By Gordon Brunskill
Centre Daily Times
December 23, 2008
Penn State's Christa Harmotto hits the ball during Saturday's championship match of the 2008 Division I Women's Volleyball Championships in Omaha, Nebraska. Penn State faced Stanford in a repeat of last year's championship match. (For the CDT/Steve Manuel)
They are the volleyball gods, and whether or not you have faith in anything else, you still heed the wishes of the volleyball gods.
They will, in the end, put right the wrong.
If you are playing a match somewhere, just a friendly game with no officials watching over play, and no one is sure if the ball landed in or out, simply replay the point and the volleyball gods will decide.
If you get the point, the ball must have been in before. That is the rule.
The volleyball gods were watching over the Penn State women Saturday night.
If you watched the NCAA championship match against Stanford, won in a sweep by the Nittany Lions to clinch their third national title and second in as many years, you probably already know the scenario.
The score was 21-19 in the second set, and the funny thing was that everyone in the building knew the deal except for three people — the official scorer and the two referees. Even the head coaches, Penn State’s Russ Rose and Stanford’s John Dunning, knew the situation.
The referees had an excuse, since they usually do not know what the actual score is at any one time. It is not their job. ...
In case you do not remember, here is a brief recap: Penn State’s Blair Brown had just pounded down a spike to apparently put the Nittany Lions up 21-19, except the Qwest Center scoreboard read “20-20.” The down referee checked with the official scorer, then huddled with the coaches, then huddled with the up referee, then started the process over again as the entire building watched in disbelief as the national championship was being screwed up by someone not paying attention.
Also during he lengthy delay, Stanford’s Cynthia Barboza walked to the net and motioned to the Penn State players the debate should be decided by “rock-paper-scissors.”
Eventually, for some strange reason, the score was settled at 20-19 Penn State and play resumed. A few points later, the score took another inexplicable jump from 22-21 to 23-22 in the Nittany Lions’ favor. There was a brief discussion over this, and then play resumed again.
After this display, does Omaha still deserve to be getting premium consideration for hosting volleyball championships?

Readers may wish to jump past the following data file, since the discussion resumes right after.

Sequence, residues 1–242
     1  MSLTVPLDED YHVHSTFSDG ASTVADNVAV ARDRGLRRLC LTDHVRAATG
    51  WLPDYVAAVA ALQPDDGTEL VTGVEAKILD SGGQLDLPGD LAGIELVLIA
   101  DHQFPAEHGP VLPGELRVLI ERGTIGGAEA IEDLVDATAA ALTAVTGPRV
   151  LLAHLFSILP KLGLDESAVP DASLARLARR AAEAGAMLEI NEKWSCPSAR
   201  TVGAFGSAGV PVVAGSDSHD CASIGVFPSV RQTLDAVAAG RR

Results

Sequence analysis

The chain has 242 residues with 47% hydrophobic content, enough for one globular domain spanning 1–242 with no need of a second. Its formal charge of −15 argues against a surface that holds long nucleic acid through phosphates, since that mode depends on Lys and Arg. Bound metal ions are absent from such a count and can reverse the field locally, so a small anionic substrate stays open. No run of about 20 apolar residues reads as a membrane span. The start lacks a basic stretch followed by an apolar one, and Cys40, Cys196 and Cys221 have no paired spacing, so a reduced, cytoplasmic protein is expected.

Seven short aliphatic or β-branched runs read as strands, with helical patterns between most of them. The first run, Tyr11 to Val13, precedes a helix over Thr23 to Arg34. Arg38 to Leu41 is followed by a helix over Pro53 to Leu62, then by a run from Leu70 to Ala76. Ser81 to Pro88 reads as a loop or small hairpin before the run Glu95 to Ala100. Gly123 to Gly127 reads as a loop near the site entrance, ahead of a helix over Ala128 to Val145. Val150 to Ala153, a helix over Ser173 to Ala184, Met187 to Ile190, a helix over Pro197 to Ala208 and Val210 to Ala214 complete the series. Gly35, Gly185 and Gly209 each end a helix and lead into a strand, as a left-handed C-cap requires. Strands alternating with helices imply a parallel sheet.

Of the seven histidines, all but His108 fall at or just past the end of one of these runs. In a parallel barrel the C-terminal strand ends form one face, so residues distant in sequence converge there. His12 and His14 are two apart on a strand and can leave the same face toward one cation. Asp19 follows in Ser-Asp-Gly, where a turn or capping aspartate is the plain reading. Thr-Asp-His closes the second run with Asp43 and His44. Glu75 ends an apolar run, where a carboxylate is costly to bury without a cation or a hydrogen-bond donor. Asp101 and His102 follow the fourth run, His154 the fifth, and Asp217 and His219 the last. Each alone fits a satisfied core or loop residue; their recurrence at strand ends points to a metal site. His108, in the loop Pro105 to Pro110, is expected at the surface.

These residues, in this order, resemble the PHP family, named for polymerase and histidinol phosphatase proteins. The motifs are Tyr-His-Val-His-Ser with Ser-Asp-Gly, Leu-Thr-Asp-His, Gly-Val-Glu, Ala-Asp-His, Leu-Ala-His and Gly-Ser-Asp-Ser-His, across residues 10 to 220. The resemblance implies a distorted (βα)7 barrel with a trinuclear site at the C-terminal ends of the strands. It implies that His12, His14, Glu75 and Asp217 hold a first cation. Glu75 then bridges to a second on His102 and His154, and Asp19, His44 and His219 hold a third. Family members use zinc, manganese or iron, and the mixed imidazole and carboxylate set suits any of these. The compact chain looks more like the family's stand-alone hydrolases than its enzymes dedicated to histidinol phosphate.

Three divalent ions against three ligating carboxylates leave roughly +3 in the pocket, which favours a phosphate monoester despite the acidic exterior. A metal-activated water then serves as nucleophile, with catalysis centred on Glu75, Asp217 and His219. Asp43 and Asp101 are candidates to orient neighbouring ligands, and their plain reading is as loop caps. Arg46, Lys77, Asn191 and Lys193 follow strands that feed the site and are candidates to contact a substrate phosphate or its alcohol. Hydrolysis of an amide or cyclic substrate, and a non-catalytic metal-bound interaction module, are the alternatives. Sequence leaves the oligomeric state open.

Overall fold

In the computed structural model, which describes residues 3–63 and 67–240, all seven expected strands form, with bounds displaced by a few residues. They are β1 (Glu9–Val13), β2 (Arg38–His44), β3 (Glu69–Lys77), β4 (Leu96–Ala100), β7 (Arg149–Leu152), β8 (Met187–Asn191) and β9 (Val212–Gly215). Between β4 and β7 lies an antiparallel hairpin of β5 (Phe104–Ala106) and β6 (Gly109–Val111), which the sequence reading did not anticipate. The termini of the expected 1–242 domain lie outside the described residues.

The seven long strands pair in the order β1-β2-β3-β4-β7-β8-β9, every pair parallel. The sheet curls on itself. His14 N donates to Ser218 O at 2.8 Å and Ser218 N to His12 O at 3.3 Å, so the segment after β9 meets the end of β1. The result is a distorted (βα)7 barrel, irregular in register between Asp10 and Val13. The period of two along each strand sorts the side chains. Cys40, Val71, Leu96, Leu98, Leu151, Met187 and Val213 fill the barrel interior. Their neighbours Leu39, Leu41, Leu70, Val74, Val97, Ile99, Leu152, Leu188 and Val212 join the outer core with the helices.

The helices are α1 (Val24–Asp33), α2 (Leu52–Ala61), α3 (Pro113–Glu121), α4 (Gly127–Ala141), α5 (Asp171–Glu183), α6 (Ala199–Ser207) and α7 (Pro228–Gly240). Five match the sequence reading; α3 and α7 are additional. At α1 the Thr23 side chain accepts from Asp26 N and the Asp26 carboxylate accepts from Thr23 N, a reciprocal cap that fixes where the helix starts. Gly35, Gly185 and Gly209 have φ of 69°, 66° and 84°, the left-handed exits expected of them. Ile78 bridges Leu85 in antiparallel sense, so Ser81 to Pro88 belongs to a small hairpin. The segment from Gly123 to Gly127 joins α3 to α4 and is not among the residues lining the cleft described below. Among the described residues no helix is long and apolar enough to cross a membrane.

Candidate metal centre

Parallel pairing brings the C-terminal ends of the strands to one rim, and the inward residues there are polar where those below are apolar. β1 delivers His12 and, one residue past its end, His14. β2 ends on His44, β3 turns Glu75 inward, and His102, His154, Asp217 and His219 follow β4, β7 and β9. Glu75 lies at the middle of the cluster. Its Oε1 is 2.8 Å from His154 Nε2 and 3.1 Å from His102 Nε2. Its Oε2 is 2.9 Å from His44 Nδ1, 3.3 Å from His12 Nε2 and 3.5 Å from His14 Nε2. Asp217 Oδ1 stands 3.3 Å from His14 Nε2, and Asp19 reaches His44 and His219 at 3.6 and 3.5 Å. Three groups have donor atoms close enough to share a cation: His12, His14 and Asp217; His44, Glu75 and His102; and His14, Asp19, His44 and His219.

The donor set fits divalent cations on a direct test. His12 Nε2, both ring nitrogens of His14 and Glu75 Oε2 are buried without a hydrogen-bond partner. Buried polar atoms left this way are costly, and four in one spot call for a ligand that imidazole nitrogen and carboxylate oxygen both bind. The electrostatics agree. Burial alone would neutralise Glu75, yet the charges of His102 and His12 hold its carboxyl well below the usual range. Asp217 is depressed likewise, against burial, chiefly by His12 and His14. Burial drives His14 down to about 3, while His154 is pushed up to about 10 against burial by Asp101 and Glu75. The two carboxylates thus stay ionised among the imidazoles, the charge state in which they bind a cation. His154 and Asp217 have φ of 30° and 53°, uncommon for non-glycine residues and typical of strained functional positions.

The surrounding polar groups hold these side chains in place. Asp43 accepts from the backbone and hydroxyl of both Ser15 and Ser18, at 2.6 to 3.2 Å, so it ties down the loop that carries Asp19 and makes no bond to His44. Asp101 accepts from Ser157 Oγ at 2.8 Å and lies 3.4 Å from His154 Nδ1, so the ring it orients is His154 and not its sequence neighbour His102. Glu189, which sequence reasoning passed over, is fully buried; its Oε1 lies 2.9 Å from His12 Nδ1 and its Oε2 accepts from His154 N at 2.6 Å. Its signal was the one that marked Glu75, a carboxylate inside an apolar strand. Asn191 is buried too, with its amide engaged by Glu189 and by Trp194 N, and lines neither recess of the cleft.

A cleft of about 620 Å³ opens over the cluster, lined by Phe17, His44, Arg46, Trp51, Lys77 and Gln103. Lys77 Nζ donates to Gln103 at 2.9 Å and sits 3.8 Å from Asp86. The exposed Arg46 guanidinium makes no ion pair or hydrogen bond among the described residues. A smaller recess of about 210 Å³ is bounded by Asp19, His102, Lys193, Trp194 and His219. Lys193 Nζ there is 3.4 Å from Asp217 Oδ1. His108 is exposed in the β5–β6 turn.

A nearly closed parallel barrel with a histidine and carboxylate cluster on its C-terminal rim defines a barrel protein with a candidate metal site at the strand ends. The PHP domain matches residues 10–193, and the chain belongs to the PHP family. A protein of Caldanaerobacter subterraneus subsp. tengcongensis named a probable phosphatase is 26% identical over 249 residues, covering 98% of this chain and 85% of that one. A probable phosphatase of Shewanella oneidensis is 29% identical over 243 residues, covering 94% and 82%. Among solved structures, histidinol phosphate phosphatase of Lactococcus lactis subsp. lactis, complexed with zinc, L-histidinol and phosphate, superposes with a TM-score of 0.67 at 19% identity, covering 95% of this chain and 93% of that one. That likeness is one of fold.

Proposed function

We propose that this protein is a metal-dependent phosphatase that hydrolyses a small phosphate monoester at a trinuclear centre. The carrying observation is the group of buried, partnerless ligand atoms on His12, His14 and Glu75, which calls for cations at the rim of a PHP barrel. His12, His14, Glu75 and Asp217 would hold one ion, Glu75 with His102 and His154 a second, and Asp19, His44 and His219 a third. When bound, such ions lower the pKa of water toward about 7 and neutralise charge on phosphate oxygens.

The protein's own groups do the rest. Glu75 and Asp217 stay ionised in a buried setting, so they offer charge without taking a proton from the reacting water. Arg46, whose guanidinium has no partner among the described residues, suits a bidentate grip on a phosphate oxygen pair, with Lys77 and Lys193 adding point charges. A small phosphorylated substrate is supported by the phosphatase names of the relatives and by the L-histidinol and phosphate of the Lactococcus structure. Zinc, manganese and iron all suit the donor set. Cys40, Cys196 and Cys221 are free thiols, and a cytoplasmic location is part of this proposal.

The NCAA showed off its infinite intelligence over the matter once again, just like it does over football, by not consulting with anyone who might be able to help. ESPN2, which was carrying the match live, had the score right (I know, I just watched the set again to check my scoring). Across the court, Nebraska’s scorekeepers, who were keeping the computer scoring and have a running play-by-play to easily clear up any discrepancies, had it right. Neither was asked for help.
Then, compounding the idiotic mess, after the match every member of the media was instructed not to ask about the situation, even in a hypothetical, because no one will be allowed to answer. Big Brother says so.
They also issued a brief explanation, which explained nothing:
“Error by scorekeeper, correction made by officials then when error was found on the scoresheet the adjustment was made on the scoreboard.”
The good news? Penn State still ended up winning the set and the match. In reality the final score of the set was 26-23, not 26-24 as the scoreboard showed, but that will soon fade from memory.
What should be remembered is the volleyball gods were watching over Omaha, making sure all was just and fair.
That is what they do, and that is why we trust them.
Some things go with the Nittany Lions even if they are not in Rec Hall. Just like she has done throughout the first four rounds of the tournament at home, when introduced before the semifinal and final matches, senior Nicole Fawcett ran behind each of her other teammates and slapped them all on their backsides. For the championship match, her slaps were extra hard.
It was a tradition starter last season by former player Kara Callahan.
“Kara did it last year and I thought it needed to still carry on,” Fawcett said. “That was, if anything, to keep everyone loose and having fun. I decided I had to do it.”
Another much longer-standing tradition also continued: When the team ran onto the floor to begin their pre-match warm-up routine for both matches, Fawcett and Christa Harmotto stood by the net and gave sophomore Cathy Quilico a lift up above the net to start jumping drills.
“I love it,” Quilico said. “I feel like I’m tall — one of the big girls.”
That tradition from pretty much every match in the past several years predates Harmotto and Fawcett. Tabitha Eshleman, whose last season was in 2004, was the first to be hoisted toward the sky. Since then a census is taken every preseason to find the smallest player, and at 5-foot-1 and maybe a feather over 100 pounds, Quilico more than fits the bill.
“I’m assuming I’ll be the smallest girl the next two years also,” Quilico said. “I’m glad I get to do that.”
Gordon Brunskill is a sports writer for the Centre Daily Times. He can be reached at 231-4608 or email@example.com.